Different climate zones There are three climate zones across Mali: i) the arid desert zone in the north, where daytime temperatures reach 50°C but can drop down to 5°C at night, ii) the Sahel zone in the middle, which receives less than 500mm of rain each year and has daytime temperatures between 23°C and 36°C, and iii) the Sudanic zone in the southern third of the country, where there is up to 1,400mm of rainfall annually and daytime temperatures vary between 24°C and 30°C. The more southerly regions of Mali have a rainy season from June to October. During the dry season (November to June), the alize wind brings cooler weather from the northeast, dropping temperatures to a pleasant 25°C. But temperatures begin to rise again from February when the hot harmattan winds blow east from the Sahara. ‘River of rivers’ Although large areas of Mali are barren, the country is self-sufficient in food, largely thanks to the River Niger. The river crosses the dry savannah from the southwest and brings life to the country, providing irrigation for agriculture and plenty of fish. No wonder the name ‘Niger’ stems from the Berber ‘gber-n-igheren’, which means ‘river of rivers’. The River Niger is the third-longest river in Africa. It rises in the rainforests of Guinea and flows eastwards, making a horseshoe bend through the Saharan region of Mali, before turning south and heading for its exit to the sea on the coast of Nigeria. The central inland delta of the Niger (between Tombouctou/Timbuktu and Segou) is a key agricultural region, because of the rich alluvial soils here. The river also allows for irrigation areas, for example near the towns of Segou and Mopti. Cotton is the main cash crop Crops grown for domestic consumption include rice, millet, sorghum and maize. Livestock farming (cattle, sheep and goats) is practised across the Sahel region. Cash crops include fruits such as mangoes and guavas, wheat and groundnuts/peanuts. Mali exports both peanut oil and shelled peanuts. But far and away the most important export cash crop is cotton. What happens to a farmer’s cotton? After harvesting, the cotton is taken to a factory. Here, it is cleaned of any twigs or stones and passed through a carding machine, which has fine blades. These separate the fibres and remove any seeds or smaller particles of dirt. The fluffy cotton is then dried and pressed into bales, ready for selling. Mali is also one of the largest producers of fish in western African. The inland Niger delta is an important fishing ground, though stocks are threatened by pollution and dam construction.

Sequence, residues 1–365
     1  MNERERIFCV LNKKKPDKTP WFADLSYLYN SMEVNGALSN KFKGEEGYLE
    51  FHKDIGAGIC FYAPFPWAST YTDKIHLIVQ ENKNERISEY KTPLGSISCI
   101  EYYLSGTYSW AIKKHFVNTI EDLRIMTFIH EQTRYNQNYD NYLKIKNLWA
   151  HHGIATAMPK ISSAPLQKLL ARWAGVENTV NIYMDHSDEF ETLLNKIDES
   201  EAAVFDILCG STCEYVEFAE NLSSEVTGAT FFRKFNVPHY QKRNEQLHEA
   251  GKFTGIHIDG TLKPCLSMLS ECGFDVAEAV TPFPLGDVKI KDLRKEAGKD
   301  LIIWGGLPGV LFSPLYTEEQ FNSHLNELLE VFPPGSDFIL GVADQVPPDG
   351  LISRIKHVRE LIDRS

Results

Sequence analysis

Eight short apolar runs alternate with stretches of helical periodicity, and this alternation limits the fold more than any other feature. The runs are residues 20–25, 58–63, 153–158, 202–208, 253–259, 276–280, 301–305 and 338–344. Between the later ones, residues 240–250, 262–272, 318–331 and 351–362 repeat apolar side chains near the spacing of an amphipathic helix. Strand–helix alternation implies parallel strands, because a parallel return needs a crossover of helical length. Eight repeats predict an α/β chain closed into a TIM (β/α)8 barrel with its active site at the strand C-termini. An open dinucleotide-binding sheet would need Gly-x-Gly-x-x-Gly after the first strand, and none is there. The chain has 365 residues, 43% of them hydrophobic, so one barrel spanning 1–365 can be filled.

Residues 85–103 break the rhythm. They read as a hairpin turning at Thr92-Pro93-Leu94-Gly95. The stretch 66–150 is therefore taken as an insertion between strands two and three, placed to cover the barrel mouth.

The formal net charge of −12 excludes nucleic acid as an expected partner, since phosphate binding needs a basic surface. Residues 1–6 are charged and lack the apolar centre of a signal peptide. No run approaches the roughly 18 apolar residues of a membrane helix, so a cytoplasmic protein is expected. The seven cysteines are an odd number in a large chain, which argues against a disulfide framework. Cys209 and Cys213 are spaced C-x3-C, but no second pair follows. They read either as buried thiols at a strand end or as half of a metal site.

Laws and Regulations
The three main taxes and fees imposed on companies operating in the mining sector include customs duties, corporate income tax, and the special tax on certain products (ISCP). The tax office’s Office of Large Companies is the main body responsible for collecting and managing taxes paid to the central government. The National Geology and Mines Office and the National Lands and Survey Office levy sector-specific fees. Contracts Some mining, oil and gas contracts are published. Licenses Mining licenses are awarded on a ‘first come first served’ basis. Production sharing contracts in oil and gas are concluded on the same basis, although only exploration licenses have been awarded to date.
No information has been provided.